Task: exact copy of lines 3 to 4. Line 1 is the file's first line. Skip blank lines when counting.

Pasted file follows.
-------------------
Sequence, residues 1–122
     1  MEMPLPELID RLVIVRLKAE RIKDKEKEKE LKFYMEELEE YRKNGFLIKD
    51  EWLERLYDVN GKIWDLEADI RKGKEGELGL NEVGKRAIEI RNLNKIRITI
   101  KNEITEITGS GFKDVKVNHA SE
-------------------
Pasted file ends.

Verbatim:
    51  EWLERLYDVN GKIWDLEADI RKGKEGELGL NEVGKRAIEI RNLNKIRITI
   101  KNEITEITGS GFKDVKVNHA SE